Just as Benaroya Hall remains as a monument to Gerard Schwarz’s 26 seasons leading the Seattle Symphony Orchestra (SSO), current music director Ludovic Morlot also will leave a legacy before he steps down in June 2019—one that’s boosted the orchestra’s international profile and quickly become a priority for the institution.
The SSO has long been involved with recording; Schwarz released 150 or so recordings, mostly on the Delos and Naxos labels. But in 2014, the orchestra took it a step further, launching its own label, Seattle Symphony Media (SSM); since then, the orchestra has earned nine Grammy nominations and its first wins, one each in 2016 and 2017 for SSM recordings of vividly colored, ear-entrancing music by French composer Henri Dutilleux. (A third Grammy, for 2015 Best Contemporary Classical Composition, went to the orchestra’s recording of John Luther Adams’ Become Ocean on a different label, Cantaloupe Music.)
Credit for this success goes beyond the contributions of Morlot and the musicians and includes SSO president and CEO Simon Woods, who came to orchestral administration from a recording-industry background as a producer with EMI Classics in London, and to chief recording engineer Dmitriy Lipay, recipient of five of those Grammy noms and one win, for 2017 Best Surround Sound Album (for the third installment of a three-part Dutilleux series).
Having one’s own label has become not merely a reputation-boosting innovation, but a necessity. Gone are the days when top orchestras could count on a steady partnership with a major label to provide visibility and income. The San Francisco Symphony was the first to take its own reins, in 2001, and since then the list has grown to include some of the world’s most prestigious ensembles, including those that have built extensive and acclaimed major-label discographies, such as the orchestras of Berlin, Boston and Chicago.
Seattle Symphony music director and conductor Ludovic Morlot; photograph by Brandon Patoc
At a time when symphonies around the globe are seeking ways to attract new audiences, the benefits of an in-house label are multifold.
As engineer, Lipay says it gives him more time to prepare for the recording, more flexibility for experimenting with microphone placements and different recording techniques, and for post-production work. “Knowing every musician and the specifics of their personal performance approach also helps.”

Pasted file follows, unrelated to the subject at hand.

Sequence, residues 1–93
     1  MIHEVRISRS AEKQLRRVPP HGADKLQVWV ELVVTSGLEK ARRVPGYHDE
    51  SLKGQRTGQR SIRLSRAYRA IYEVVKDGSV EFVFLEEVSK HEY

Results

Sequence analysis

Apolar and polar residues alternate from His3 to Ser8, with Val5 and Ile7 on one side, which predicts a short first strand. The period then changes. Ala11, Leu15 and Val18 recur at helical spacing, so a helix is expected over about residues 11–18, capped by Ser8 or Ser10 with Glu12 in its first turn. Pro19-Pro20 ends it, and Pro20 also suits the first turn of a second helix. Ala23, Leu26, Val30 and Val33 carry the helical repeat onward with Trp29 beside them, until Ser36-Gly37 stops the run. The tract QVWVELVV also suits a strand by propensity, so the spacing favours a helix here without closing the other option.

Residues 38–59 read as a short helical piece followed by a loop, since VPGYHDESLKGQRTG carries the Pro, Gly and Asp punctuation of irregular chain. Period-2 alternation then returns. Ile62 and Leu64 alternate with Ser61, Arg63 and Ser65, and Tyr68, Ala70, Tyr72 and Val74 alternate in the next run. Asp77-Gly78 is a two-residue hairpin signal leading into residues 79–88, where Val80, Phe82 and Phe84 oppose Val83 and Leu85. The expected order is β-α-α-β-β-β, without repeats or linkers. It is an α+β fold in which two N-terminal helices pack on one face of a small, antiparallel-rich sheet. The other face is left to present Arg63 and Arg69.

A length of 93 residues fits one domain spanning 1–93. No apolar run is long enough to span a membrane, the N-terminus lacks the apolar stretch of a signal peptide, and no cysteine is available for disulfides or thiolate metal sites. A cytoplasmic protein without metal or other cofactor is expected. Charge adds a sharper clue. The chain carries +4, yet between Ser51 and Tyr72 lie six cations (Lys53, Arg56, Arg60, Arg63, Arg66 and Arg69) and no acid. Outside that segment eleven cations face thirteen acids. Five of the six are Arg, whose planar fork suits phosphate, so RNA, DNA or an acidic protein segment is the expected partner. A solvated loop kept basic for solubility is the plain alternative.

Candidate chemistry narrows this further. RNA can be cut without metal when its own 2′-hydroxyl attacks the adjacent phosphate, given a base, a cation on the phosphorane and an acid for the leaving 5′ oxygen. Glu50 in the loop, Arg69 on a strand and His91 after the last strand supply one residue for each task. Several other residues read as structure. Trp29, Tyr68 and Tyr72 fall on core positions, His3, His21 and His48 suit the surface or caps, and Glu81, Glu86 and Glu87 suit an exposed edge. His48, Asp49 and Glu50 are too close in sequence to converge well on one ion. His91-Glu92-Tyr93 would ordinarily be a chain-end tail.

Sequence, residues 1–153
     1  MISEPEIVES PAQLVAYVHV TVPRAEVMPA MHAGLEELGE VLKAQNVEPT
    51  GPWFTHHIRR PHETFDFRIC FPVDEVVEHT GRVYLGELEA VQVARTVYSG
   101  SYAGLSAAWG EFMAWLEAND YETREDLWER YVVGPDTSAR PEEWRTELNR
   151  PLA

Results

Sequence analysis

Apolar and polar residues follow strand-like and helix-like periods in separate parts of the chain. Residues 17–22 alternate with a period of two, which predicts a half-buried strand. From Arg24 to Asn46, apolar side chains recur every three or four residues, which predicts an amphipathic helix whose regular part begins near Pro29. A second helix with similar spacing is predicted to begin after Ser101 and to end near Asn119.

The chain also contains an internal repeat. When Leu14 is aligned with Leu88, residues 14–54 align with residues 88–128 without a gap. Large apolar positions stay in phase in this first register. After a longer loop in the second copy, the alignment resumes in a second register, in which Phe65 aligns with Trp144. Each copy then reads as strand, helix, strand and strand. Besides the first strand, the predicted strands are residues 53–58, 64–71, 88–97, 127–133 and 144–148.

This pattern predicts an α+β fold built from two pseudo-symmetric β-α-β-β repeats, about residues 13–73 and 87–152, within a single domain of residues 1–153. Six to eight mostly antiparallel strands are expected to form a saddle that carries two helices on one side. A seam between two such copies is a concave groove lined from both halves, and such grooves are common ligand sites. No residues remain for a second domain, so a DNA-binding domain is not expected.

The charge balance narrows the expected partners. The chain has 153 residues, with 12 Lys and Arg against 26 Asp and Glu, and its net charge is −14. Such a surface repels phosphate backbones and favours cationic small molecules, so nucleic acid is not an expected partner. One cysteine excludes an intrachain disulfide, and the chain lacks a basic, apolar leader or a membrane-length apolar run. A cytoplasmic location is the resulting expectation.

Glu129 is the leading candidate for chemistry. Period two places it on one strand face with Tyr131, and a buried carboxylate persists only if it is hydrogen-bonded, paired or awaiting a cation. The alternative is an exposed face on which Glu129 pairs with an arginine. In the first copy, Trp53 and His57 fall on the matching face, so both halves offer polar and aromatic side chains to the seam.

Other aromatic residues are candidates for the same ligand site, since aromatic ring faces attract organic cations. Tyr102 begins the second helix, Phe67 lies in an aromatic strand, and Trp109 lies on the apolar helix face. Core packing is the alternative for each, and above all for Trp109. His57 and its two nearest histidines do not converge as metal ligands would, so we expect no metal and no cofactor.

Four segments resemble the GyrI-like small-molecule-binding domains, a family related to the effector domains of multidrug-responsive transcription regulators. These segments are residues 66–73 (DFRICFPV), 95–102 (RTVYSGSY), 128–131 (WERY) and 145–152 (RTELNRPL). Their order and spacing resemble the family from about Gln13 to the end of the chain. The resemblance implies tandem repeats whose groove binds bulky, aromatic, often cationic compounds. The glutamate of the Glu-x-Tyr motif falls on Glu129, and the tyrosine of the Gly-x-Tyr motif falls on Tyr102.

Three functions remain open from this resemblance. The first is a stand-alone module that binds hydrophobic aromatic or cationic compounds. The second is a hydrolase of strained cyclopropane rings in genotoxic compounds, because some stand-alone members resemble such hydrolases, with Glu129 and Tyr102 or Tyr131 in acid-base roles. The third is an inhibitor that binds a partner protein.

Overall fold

Woods cites the advantage of not having a record industry executive sign off on plans. “You can make all your recording decisions yourself as an organization and allow recordings to truly become…expressive of the organization’s individual artistic identity.”
For Morlot, it’s been establishing his vision for that identity, which has had two branches. One is music from France, which comes so naturally to the Lyon-born conductor. SSM’s first release offered the elegant, pastel music of Gabriel Fauré, and since then, scintillating performances of works by Maurice Ravel, Claude Debussy, Camille Saint-Saëns and Edgard Varèse have been preserved. The label’s most recent release, in August, includes two works by Olivier Messiaen, including a performance of his 1944 Trois petites liturgies de la présence divine with the Northwest Boychoir in which sensuous harmonies, angelic voices and glittering percussion combine for a luscious aural experience. (Its 17th release, the Third and Fourth Symphonies by Danish composer Carl Nielsen, led by principal guest conductor—and Morlot's recently named successor as the orchestra’s next music director—Thomas Dausgaard, is due out this month.)
What’s more, carrying on the tradition of Schwarz—who brought a great deal of 20th-century American music into prominence—the SSO prioritizes music that no one else is recording. Works by American maverick Charles Ives, featured on three SSM discs so far, are a good example. His immense and madly complex Symphony No. 4 is both a musical and logistical challenge, requiring multiple conductors to lead different groupings of musicians playing in different tempos at once. Few orchestras accept this challenge for concert performances, much less for capturing on disc, but Morlot and Woods plan concert and recording repertory in sync so that SSM releases capture not only Benaroya Hall’s top-notch acoustics acting on these rarely performed works, but the electricity that results when playing them for a live audience.
The irony is that despite the success and acclaim of these recordings, they’re more a labor of love and a reputation-building device than a revenue stream. “In today’s world, there is almost no money to be made in classical recordings—for most orchestras, it actually costs us to release recordings,” Woods says. “Once you make that fundamental realization, it becomes evident that it’s more effective to control your own recording destiny.”